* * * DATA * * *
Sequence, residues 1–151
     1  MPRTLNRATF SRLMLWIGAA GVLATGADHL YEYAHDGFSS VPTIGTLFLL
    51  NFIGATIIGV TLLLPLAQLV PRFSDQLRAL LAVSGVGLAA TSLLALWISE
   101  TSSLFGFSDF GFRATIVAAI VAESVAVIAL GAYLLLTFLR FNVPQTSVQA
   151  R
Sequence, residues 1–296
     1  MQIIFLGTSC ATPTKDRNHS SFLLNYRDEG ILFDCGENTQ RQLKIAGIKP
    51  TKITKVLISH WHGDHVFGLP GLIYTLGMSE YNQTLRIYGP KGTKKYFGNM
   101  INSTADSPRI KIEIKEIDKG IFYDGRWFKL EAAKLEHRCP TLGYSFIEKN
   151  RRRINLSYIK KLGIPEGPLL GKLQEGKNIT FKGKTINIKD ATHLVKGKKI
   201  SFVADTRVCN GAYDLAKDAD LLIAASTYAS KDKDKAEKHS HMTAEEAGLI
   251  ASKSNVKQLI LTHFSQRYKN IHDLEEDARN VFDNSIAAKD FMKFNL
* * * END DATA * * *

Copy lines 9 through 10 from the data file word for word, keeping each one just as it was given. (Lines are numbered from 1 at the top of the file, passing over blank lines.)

   101  INSTADSPRI KIEIKEIDKG IFYDGRWFKL EAAKLEHRCP TLGYSFIEKN
   151  RRRINLSYIK KLGIPEGPLL GKLQEGKNIT FKGKTINIKD ATHLVKGKKI